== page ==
of Holland. I thought it was very good.
    The alphabet book is also amazing. How politically correct we have become. I remember similar illustrations from my childhood and very inappropriate rhymes. Some things are better left in the past!

    1. Thank you Jenny. One, also incomplete, went for 80 euros at auction – so its value isn’t particularly monetary. I have some picture frames with magnetic corners which enable you to change them – see
      I will find some a bit smaller and alternate the pics – they need to be on display – but not separated from the collection. My Mum once advertised a black Beetle car as ‘Little Black Sambo’

      1. But the value to historians is immeasurable, I would think.
        I’m cringing at the inappropriate advert – but I’m sure my parents would’ve done just the same!

  2. Wow, what an amazing treasure you have here Derrick. Absolutely stunning. I’m a history buff and have studied the war in Holland from the military perspective. This shows an beautifully rendered intimate view from the civilian side. Thank you so much for sharing this.

  3. I echo Rich – that portfolio of sketches is a real treasure! Thank you for sharing every page with us. A poignant inscription at the beginning too.

    And that cake!! My first Easter laugh of the day. 🙂

      1. I just read what I thought was going to be a silly “genealogy mystery” by Steve Robinson, and it turned out to be a book that created the mood of the time so well that I can’t get it out of my head.

  4. Every so often I come across an article on the medical studies on the children who were “in utero” during this famine. It makes intriguing reading. My best girlfriend was born in Holland shortly after, and had elder sisters – no doubt one of them was affected. My girlfriend ended up marrying a Polish man who still remembers “starving” in the displaced persons’ camp even though he was just a toddler. It’s had a permanent effect on his eating habits. These illustrations are very evocative of the time.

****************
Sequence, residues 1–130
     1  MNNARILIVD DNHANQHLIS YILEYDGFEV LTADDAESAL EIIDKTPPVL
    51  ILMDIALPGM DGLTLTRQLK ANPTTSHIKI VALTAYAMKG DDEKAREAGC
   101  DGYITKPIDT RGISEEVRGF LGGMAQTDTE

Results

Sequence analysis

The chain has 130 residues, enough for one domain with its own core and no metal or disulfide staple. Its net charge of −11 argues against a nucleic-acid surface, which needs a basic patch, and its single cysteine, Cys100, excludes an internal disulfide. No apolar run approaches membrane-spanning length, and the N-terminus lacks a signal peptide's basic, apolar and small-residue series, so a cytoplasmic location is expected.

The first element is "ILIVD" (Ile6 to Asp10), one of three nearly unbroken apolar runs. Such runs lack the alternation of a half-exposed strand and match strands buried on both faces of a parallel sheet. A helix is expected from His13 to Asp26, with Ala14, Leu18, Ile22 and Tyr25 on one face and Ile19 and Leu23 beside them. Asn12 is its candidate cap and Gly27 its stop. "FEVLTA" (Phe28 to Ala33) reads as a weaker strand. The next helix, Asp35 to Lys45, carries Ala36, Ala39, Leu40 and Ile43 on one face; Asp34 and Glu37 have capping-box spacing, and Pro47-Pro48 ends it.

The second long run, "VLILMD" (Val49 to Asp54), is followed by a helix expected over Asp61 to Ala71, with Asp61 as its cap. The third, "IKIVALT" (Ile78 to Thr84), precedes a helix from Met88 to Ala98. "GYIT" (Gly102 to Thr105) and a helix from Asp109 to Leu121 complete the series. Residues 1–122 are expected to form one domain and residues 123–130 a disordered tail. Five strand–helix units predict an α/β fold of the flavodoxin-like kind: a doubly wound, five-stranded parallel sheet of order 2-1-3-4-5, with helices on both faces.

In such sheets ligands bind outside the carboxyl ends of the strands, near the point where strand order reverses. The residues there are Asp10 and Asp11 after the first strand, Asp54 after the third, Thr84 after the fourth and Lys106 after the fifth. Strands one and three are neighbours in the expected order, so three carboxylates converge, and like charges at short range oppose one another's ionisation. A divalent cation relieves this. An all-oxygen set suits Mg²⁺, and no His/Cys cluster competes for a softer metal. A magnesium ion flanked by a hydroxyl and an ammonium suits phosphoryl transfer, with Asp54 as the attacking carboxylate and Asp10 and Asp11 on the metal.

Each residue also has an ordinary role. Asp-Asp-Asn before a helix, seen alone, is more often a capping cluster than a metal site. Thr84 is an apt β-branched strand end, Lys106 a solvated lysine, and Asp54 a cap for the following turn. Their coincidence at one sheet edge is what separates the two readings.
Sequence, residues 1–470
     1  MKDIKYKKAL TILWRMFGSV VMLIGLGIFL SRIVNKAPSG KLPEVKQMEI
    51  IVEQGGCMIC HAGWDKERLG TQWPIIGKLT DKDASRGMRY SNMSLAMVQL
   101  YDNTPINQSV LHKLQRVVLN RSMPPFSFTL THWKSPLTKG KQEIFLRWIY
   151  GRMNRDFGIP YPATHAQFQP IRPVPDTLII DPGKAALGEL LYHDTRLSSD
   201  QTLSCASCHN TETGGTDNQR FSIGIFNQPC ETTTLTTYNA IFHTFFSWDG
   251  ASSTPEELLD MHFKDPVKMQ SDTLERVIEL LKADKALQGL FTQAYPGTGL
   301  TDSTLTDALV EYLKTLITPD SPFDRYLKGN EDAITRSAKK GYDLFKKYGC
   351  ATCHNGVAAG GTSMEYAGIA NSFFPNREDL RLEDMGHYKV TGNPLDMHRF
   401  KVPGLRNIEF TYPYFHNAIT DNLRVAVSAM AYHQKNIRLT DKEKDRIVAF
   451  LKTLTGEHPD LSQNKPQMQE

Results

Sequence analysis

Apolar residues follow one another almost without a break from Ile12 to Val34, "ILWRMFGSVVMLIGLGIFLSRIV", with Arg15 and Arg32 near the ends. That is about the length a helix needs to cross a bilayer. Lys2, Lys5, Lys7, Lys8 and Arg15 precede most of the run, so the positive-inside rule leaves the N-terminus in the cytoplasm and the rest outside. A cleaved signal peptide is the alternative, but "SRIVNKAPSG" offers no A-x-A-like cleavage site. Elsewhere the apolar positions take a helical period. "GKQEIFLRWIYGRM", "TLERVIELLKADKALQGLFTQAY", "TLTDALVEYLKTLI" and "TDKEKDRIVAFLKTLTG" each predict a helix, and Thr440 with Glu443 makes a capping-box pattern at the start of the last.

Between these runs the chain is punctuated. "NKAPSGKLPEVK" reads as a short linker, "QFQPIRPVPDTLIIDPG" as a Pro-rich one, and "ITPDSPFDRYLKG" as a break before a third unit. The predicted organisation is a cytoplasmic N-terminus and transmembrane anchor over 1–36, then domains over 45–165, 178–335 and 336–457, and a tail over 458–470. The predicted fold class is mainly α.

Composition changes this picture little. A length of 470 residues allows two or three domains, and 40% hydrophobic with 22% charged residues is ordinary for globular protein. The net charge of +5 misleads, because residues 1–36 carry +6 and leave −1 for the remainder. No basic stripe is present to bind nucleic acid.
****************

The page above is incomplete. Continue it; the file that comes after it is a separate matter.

5. Aha.. now it all comes clear. My father’s family all emigrated from Holland–His father was from Friesland and I believe my grandmother’s family from Ede. She was either born in U.S. or on the boat coming over. My grandfather’s family emigrated when he was a young man. It would have been before WWI as my father was born in 1901. These photos were so revealing and sad that such hunger is still going on in the world.

      1. They occupied Guernsey and some of the other Channel Islands, right? I only know this because of the Guernsey Literary and Potato Peel Pie Society. Horrible. It’s beginning to feel like the U.S. is going down the same path. Getting scary.

  6. Hi Derrick, Happy New year. What a marvelous book to receive, the pictures are fascinating. My mum was also a child during WW2 and she and I wrote a fictionalised account of her memories from that time.

  7. What a wonderful book. The illustrations are so very real. My family are from the Netherlands and my father was a POW and my mother would say that she and my brother would eat tulip bulbs during the war to survive. They brought all their possessions out to Australia, one being a small kerosene cooker that my mother would cook all our meals. We still have it and all their other possessions.

    1. Thank you very much, Anna. You must be Gwen’s friend. I am so pleased she remembered the post, and you could see it. You are welcome to take any of the pictures you would like.